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Petroleum Products: Resolving A Contamination Claim In West Africa

Marine Director at BMT Surveys describes what surveyors can do to turn an apparent total loss of high quality fuel into the acceptance of a sound product.

28 July 2015


Petroleum Products: Resolving A Contamination Claim In West Africa

Dennis de Bruin, Marine Director at BMT describes what a surveyor can do to turn an apparent total loss of high quality fuel into the acceptance of a sound product.

Shipping is a global business and the obstacles and challenges faced are often demanding. Hence knowledge, experience and personal contacts are essential to resolve problems. These challenges can be due to geography, e.g. the remoteness of places, the complexity of cargo, local politics and lack of equipment or, misunderstandings that arise from different languages, jurisdictions and cultures. Last year, BMT's tanker department was requested by an oil trader to assist with an apparent insurmountable problem involving a ‘high spec’ oil product cargo that was significantly contaminated. At the time of the instruction, the parties involved in the shipment had considered a possible total loss of the cargo. BMT was requested to investigate whether there were others solutions than declaring a total loss. 

The cargo in question was a high quality fuel, which had already been loaded on a tanker. The cargo was worth approximately $3.0 million USD. The ship had been chartered, to load at a West African port and to be discharged at another West African port. After loading had been completed, the master was advised that the analysis of the cargo showed high amounts of a metallic type contaminant, resulting in the cargo being considered ‘off spec’. Following this discovery, the receivers refused to accept the cargo and the ship remained at the load port whilst all parties debated how to resolve the situation. BMT was contacted to assist.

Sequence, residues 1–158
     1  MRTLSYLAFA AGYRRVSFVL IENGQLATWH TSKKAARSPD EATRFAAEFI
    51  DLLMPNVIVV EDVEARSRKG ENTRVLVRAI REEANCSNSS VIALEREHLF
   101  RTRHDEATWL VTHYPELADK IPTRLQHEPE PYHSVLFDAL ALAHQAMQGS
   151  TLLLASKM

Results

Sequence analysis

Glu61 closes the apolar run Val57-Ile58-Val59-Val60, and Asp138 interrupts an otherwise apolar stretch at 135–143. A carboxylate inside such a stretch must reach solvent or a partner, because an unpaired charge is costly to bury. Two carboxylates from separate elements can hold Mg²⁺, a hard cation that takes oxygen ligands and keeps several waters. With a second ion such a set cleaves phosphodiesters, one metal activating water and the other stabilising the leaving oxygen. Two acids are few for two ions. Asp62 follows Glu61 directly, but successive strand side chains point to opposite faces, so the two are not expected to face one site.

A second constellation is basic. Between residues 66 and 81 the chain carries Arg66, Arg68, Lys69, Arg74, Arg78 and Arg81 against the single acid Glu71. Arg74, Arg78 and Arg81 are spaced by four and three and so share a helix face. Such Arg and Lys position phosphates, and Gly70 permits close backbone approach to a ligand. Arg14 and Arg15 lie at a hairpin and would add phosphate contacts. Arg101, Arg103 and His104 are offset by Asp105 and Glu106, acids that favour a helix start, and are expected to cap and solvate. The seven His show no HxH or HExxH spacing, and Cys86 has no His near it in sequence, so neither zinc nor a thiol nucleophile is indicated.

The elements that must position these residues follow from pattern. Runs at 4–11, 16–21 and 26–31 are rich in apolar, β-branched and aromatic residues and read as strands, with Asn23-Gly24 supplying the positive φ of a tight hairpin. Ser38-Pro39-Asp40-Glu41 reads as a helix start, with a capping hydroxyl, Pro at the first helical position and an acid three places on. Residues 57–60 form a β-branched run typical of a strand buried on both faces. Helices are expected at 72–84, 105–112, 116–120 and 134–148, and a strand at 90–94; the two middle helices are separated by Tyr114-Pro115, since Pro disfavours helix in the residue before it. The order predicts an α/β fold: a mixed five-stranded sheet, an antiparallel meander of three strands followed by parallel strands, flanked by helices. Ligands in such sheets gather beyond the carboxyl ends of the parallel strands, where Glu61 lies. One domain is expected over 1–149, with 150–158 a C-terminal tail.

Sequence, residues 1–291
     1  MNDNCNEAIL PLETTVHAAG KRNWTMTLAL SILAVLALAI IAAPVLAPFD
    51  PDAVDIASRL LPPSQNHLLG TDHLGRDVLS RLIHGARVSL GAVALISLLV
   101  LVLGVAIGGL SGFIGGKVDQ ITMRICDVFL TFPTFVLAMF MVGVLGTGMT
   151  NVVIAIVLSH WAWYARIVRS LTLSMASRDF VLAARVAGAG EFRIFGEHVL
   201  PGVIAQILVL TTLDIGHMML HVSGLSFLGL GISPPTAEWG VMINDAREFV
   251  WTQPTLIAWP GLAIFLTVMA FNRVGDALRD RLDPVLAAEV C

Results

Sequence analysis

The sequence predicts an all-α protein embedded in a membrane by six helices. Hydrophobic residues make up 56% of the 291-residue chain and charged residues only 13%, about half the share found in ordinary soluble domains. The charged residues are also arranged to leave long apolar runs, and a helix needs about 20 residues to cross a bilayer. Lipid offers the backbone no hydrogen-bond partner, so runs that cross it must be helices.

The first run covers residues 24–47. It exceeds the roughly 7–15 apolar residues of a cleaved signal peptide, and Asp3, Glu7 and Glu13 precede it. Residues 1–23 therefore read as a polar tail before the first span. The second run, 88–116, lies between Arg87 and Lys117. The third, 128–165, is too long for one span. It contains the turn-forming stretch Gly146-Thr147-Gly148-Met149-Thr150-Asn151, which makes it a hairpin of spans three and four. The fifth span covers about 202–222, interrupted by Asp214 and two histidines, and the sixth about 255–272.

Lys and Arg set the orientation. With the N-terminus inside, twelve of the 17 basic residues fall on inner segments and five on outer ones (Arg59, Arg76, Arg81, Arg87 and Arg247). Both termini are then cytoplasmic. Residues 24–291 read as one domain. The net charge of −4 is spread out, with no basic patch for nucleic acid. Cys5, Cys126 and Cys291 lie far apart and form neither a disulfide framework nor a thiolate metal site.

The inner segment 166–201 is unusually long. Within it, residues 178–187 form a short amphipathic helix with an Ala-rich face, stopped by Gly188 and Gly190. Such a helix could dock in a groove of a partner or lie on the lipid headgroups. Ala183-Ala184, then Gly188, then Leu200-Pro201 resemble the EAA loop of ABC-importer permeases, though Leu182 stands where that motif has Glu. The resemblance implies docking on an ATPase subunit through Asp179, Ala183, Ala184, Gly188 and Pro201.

A plan was devised using a modified filtration unit to fit in-line at the ship’s discharge manifold in order to remove the contaminants. The unit, with a technician, was dispatched to the load port and, once on board, a “test quantity” of cargo was recirculated through the filtration unit with the receiver’s representatives attending.

A sample of the recirculated cargo was analysed and found to be within specification. After lengthy discussions, the receivers agreed that the filtration unit could be used at the discharge port. Subject to successful cargo sample analysis, the cargo would be accepted by the receivers. The technician and the filtration unit sailed with the ship to the port where the ship discharged the contaminated cargo through the filtration unit, thus removing all the contaminants. After final sampling and testing, the receivers eventually accepted the cargo without any further claim. Quite interestingly, so successful was the filtration unit that the terminal bought one for permanent availability.

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